The fighting around Kokoda and Buna–Gona resulted in heavy casualties for Maroubra Force. According to James, the fighting along the Kokoda Track left over 600 Australians dead with more than 1,600 wounded over a four-month period for the total force engaged (not just Maroubra Force); there were further casualties around Buna and Gona also. The example of the 39th Infantry Battalion highlights the intensity of the fighting. By the end of the fighting in January 1943, according to Chant, the 39th Battalion had been so heavily depleted there were only 30 fully fit personnel available from a nominal strength of between 600 and 800. The remainder were either "dead, missing, wounded, or in hospitals in Port Moresby and northern Australia suffering from disease and exhaustion". It was subsequently evacuated to Port Moresby before returning to Australia, where the 30th Brigade was eventually disbanded, with many of its personnel being redistributed to 2nd AIF units. Maroubra Force, and its commanding officers Honner and Potts are sometimes cited as some of "the men who saved Australia", having played an important part in the successful defence of Port Moresby.
- Situation reports issued by NGF Headquarters continued to identify the 7th Division as "Maroubra" until 17 November, effectively, the end of the Kokoda campaign and commencement of operations for the advance toward the beachheads at Buna and Gona.
- Brune 2004, p. 95.
- McAulay 1991, p. 15.
- Chant, Christopher. "Operation Maroubra". Codenames: Operations of World War 2. Retrieved 26 October 2016.
- Brune 2004, pp. 92–100.
- James 2013, pp. 204–205.
- Brune 2004, p. 112.
- Coulthard-Clark 1998, p. 222.
- Keogh 1965.
- Brune 2004.
- McCarthy 1959.
- "AWM52 1/5/51/19: October 1942" (PDF). War Diary – New Guinea Force Headquarters and General (Air). Australian War Memorial. p. 5 (of pdf). Retrieved 29 October 2016.
- "AWM52 1/5/51/20: November 1942" (PDF). War Diary – New Guinea Force Headquarters and General (Air). Australian War Memorial. pp. 76–77(of pdf). Retrieved 29 October 2016.
- Johnston 2002, pp. 20–21.
- Brune 2004, p. 560.
- Keogh 1965, p. 260.
- Brune 2004, p. 435.
- Keogh 1965, p. 259.
- Williams 2012, p. 133.
- "About the Kokoda Track: 1942 and Today: A Kokoda Chronology". Australians in World War II: The Pacific War. Department of Veterans Affairs. Retrieved 26 October 2016.
- Brune 2004, p. 133.
- Brune 2004, pp. 236.
- "Into the Mountains. Action at Ioribaiwa Ridge: 14–16 September 1942 through to the fighting around Buna and Gona". Australians in World War II: The Pacific War. Department of Veterans Affairs. Retrieved 26 October 2016.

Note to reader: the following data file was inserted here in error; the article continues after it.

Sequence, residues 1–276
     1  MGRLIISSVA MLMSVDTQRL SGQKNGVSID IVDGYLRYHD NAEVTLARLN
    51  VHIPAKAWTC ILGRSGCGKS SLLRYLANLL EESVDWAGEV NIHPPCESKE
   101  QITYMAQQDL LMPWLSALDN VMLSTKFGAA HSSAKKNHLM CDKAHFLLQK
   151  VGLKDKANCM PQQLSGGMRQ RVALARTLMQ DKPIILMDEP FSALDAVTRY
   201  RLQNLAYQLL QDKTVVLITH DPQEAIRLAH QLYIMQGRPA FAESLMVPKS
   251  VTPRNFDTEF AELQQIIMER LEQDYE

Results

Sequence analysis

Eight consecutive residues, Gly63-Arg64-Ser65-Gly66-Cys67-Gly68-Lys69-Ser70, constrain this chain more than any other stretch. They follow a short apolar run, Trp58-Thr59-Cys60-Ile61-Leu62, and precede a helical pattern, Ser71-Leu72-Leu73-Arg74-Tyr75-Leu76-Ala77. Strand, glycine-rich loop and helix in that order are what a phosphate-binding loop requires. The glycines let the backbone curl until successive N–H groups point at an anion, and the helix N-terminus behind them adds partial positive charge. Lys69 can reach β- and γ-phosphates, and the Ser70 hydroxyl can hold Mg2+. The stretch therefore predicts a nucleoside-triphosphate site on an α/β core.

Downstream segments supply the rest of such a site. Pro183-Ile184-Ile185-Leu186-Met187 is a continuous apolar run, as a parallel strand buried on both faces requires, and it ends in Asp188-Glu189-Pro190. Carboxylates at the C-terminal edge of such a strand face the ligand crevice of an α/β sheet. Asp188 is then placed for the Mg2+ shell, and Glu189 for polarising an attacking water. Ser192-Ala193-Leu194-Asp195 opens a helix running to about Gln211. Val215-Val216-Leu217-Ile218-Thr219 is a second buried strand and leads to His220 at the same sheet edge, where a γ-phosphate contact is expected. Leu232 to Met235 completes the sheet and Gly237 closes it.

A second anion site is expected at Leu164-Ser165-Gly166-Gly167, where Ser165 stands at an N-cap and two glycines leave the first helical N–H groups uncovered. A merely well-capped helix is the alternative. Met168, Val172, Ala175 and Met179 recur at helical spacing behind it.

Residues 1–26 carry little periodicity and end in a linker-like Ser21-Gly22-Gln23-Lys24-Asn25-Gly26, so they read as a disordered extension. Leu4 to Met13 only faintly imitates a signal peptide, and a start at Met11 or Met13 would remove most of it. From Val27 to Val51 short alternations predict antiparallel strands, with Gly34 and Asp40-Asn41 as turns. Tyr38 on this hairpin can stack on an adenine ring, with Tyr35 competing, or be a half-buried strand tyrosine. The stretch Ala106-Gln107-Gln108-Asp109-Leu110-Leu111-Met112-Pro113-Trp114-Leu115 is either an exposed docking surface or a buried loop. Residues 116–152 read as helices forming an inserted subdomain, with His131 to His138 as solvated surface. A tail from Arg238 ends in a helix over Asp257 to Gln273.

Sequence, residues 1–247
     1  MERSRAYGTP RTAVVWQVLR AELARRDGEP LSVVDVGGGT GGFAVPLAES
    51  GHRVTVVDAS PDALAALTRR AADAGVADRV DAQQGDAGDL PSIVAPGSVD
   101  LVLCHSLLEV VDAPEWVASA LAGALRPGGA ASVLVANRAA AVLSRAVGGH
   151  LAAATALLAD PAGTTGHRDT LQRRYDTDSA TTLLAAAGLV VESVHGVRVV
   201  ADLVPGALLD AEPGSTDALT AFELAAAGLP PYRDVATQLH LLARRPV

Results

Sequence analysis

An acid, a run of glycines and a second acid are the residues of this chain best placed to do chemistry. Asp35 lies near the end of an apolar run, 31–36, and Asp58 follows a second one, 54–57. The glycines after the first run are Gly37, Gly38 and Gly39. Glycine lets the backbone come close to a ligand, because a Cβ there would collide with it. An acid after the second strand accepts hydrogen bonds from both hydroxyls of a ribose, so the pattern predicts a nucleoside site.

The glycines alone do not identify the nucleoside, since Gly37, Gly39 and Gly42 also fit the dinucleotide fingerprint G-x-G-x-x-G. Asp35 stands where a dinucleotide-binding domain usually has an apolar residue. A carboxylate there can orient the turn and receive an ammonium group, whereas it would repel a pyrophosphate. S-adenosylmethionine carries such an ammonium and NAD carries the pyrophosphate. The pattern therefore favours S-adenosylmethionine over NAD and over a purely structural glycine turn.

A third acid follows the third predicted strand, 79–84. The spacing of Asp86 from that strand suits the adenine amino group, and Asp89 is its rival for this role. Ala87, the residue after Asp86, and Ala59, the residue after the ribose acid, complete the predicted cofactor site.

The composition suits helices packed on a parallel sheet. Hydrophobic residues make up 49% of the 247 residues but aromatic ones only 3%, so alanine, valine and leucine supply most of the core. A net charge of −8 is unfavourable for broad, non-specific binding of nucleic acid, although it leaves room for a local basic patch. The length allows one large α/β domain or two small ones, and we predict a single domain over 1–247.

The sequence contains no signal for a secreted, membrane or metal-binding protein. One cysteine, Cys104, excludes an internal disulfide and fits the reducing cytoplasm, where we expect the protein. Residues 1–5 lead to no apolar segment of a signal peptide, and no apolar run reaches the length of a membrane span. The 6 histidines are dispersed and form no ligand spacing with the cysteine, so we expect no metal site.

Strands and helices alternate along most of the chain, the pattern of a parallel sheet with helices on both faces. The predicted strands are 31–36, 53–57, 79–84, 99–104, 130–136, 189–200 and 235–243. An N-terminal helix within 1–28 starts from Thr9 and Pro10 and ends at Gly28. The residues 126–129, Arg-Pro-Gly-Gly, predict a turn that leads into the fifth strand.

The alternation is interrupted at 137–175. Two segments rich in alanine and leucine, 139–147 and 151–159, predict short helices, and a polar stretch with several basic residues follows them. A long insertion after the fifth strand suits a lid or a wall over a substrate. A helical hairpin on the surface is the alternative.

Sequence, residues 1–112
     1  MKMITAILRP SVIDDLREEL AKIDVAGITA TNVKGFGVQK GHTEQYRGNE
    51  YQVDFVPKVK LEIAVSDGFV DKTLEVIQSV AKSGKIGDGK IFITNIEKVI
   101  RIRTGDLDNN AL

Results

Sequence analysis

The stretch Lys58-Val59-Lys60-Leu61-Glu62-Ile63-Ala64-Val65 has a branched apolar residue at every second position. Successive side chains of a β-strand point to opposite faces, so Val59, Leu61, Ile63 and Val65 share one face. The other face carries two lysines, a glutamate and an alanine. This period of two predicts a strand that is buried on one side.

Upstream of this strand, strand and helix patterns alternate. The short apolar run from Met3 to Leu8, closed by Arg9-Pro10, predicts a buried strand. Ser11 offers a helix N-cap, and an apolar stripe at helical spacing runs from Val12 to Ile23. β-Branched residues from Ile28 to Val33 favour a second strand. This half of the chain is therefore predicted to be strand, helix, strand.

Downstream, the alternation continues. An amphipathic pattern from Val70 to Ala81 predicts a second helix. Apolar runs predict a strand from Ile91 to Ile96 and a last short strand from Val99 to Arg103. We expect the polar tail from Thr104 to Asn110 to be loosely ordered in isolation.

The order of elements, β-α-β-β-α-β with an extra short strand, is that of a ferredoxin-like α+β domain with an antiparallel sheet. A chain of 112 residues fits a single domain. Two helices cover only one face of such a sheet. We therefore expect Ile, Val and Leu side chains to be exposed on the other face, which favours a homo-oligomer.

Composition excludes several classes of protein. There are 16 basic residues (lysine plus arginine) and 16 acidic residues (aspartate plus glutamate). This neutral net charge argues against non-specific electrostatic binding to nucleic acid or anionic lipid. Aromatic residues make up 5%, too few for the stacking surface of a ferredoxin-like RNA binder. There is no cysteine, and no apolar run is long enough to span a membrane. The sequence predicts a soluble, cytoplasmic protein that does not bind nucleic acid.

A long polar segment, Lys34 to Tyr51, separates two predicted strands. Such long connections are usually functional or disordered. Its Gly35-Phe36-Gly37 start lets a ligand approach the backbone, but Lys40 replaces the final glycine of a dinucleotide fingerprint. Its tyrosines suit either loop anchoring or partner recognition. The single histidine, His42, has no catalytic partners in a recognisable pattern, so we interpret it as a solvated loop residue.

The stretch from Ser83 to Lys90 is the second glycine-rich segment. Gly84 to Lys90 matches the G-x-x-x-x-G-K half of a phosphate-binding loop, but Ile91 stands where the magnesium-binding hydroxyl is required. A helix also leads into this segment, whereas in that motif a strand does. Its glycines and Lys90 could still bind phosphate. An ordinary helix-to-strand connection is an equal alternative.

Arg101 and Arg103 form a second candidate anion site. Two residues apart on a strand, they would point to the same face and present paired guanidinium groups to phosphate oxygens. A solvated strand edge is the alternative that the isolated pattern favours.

- "53rd Battalion (West Sydney Regiment)". Second World War, 1939–1945 units. Australian War Memorial. Retrieved 13 November 2009.
- Williams 2012, p. 64.
- Williams 2012, p. 138.
- Horner 1995, pp. 336–337.
- James 2013, p. 213.
- "39th Battalion (Hawthorn Kew Regiment)". Second World War, 1939–1945 units. Australian War Memorial. Retrieved 30 July 2016.
- Bridge, Carl. "Book Review: David Horner, Blamey: the Commander-in-Chief, Allen & Unwin, Sydney, 1998". Journal of the Australian War Memorial (34: June 2001). Retrieved 30 July 2016.
- Brune, Peter (2004). A Bastard of a Place: The Australians in Papua. Crows Nest, New South Wales: Allen & Unwin. ISBN 1-74114-403-5.
- Coulthard-Clark, Chris (1998). The Encyclopaedia of Australia's Battles. Sydney, New South Wales: Allen & Unwin. ISBN 1-86448-611-2.
- Horner, David (1995). The Gunners: A History of Australian Artillery. St Leonards, New South Wales: Allen & Unwin. ISBN 1-86373-917-3.
- James, Karl (2013). "On Australia's Doorstep: Kokoda and Milne Bay". In Dean, Peter (ed.). Australia 1942: In the Shadow of War. Port Melbourne, Victoria: Cambridge University Press. pp. 199–215. ISBN 978-1-10703-227-9.
- Johnston, Mark (2002). "Porter, Selwyn Havelock Watson Craig (1905–1963)". Australian Dictionary of Biography. Volume 16. Melbourne University Press. pp. 20–21. ISBN 978-0-52284-997-4.
- Keogh, Eustace (1965). South West Pacific 1941–45. Melbourne, Victoria: Grayflower Publications. OCLC 7185705.
- McAulay, Lex (1991). Blood and Iron: The Battle for Kokoda 1942. Sydney, New South Wales: Arrow Books. ISBN 0-09182-628-4.
- McCarthy, Dudley (1959). South – West Pacific Area – First Year: Kokoda to Wau. Australia in the War of 1939–1945, Series 1—Army. Volume V (1st ed.). Canberra: Australian War Memorial. OCLC 3134247. Archived from the original on 25 May 2009.
- Williams, Peter (2012). The Kokoda Campaign 1942: Myth and Reality. Melbourne, Victoria: Cambridge University Press. ISBN 978-1-107-01594-4.